Why you should participate

The RACP and training settings use survey results to build on successes and prioritise areas for improvement. Your anonymity is protected through reporting thresholds. Sufficient responses allow results to be anonymously reported to training settings and specialty training committees - every response counts.

The RACP works closely with training settings where there are concerns about workload, wellbeing, and workplace culture and requests local leaders to demonstrate how the concerns are being addressed.


For information about the survey, visit the Physician Training Survey or the Medical Training Survey webpages or contact the Training Survey team at

If you have any concerns or complaints about the conduct of the research study, you may contact the Executive Officer of the Ethics Committee, at or on +61 2 9767 5622.

*The Physician Training Survey has been approved by the Human Research Ethics Committee (HREC) – Concord Repatriation General Hospital of the Sydney Local Health District 2019/ETH12472.

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Meet our Supervisor Professional Development Program Facilitator, Dr Sean George

Dr Sean George is a volunteer Supervisor Professional Development Program (SPDP) facilitator who has been an integral part of the SPDP roll out for many years. He has a particular passion for teaching supervisors through the SPDP 3 – Teaching and Facilitating Learning for Safe Practice workshop.

Why do you facilitate SPDP workshops?

I found the SPDP 3 workshop very useful when I did it several years ago. I noticed that by facilitating this workshop, I could continue improving and changing for the better. As we have busy lives, knowing how best to incorporate education and assessment into the daily routine is very helpful.

What is the most enjoyable part of your role as an SPDP facilitator?

I enjoy this workshop as its interactive and the different experiences around the room are amazing. I learn a lot from each interaction and come away with a richer experience.

Why do you think your colleagues should complete the SPDP workshops?

This workshop is a start to exploring how we can teach our trainees and assess them better. It results in deep reflection on our current practices and helps us to make positive change. I believe this workshop really opens your mind to the possibilities and variety of methodology to make the trainee experience so much more worthwhile.

We would like to thank Dr George for his continued support with the SPDP program.

About the SPDP

SPDP workshops provide supervisors with an opportunity to share their expertise with other supervisors and enhance and strengthen their supervisor skills. Register for a virtual, face-to-face, or online Supervisor Professional Development Program (SPDP) workshop.

The Australian Medical Council (AMC) and Medical Council of New Zealand (MCNZ) as accreditors of the College, require RACP supervisors to be trained. As such, the College Education Committee (CEC) supports the SPDP as the College’s supervisor training program.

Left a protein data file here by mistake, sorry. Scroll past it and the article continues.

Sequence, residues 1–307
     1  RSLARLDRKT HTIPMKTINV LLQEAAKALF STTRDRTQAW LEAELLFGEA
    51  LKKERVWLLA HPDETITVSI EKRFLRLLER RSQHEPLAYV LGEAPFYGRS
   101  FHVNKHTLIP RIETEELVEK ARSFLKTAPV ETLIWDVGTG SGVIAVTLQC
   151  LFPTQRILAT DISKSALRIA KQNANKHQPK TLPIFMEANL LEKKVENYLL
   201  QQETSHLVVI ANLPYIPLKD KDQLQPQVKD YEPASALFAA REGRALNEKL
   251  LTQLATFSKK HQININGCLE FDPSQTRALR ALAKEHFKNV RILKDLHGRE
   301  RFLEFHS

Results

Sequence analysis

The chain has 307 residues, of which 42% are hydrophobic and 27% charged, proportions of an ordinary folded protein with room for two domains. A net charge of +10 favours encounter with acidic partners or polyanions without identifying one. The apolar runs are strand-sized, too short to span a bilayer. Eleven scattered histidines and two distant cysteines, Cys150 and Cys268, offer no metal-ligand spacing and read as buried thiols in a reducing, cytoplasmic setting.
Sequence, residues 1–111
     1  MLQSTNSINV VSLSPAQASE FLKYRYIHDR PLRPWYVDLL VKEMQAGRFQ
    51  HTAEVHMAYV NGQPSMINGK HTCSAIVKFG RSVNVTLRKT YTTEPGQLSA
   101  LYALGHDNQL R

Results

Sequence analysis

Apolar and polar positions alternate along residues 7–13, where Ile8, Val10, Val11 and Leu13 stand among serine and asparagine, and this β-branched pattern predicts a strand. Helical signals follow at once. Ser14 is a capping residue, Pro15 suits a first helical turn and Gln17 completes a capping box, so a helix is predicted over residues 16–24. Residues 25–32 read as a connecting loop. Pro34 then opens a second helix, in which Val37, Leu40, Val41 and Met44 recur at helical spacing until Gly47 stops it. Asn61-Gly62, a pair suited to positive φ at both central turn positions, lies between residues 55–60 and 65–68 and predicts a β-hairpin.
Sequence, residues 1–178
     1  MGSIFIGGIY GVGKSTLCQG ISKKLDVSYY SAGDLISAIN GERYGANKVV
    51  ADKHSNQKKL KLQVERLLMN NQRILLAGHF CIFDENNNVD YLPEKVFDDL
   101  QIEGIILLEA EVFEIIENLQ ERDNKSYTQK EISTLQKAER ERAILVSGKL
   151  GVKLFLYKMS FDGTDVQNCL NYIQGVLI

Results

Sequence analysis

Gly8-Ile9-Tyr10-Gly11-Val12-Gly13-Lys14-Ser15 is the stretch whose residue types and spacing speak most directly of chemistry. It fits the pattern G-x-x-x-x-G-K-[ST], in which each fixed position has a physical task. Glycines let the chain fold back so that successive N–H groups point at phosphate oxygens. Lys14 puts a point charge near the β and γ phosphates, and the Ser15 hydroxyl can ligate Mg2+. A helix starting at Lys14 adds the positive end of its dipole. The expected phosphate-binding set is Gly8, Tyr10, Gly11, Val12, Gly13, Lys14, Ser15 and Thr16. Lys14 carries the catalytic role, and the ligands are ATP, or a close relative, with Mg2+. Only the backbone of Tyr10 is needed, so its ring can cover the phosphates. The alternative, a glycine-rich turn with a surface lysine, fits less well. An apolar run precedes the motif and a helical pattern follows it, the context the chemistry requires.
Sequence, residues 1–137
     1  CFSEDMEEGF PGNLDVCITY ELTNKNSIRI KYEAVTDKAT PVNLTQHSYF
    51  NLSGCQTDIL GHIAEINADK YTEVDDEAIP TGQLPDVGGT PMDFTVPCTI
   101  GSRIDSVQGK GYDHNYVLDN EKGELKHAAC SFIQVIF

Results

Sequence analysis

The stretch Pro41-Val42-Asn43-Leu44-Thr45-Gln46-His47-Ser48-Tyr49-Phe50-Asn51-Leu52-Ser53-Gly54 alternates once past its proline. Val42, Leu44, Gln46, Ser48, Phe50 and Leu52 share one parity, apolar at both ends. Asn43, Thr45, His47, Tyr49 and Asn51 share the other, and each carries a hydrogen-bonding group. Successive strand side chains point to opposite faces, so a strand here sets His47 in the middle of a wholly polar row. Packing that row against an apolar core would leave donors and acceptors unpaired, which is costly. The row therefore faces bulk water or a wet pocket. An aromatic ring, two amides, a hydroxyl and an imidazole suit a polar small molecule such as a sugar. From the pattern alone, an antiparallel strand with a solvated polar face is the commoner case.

The CEC has determined that all supervisors are required to:

  • complete SPDP 3 by the end of 2022
  • complete or claim exemption from SPDP 1 and 2 in line with your training setting’s next accreditation cycle (after 2022).

For more information, email the Supervisor Learning Support Team:

Pomegranate Health podcast

Episode 84: The ASD Odyssey

gettyimages-854102636_cropThe average age at which autism spectrum disorder is detected four-years-old, though signs are often present well before that. Even where families and GPs may have concerns early in a child’s development, it can take one year or more for a consultation with a paediatrician to become available.

There are similar waiting lists to see other allied health and sub-specialists who may contribute opinions to a diagnosis. There is some inconsistency as to what kind of supporting documentation is required to access support services at different layers of government. The Autism Cooperative Research Centre published a national guideline with 70 recommendations to streamline this process and improve equity for families from different backgrounds and living in different parts of the country.

In this podcast, we hear from a GP and paediatrician working in regional practice about how this can help their patients receive early intervention in the critical developmental years. In part two, we get a response from the RACP's Chair of the Chapter of Community Child Health. about underlying structural challenges including the paediatric training curriculum and the NDIS.


  • Dr Jo McCubbin FRACP (Fitzpatrick House, Sale, VIC)
  • Dr James Best FRACGP (Junction Street Medical Centre, Nowra, NSW)

Listen to podcast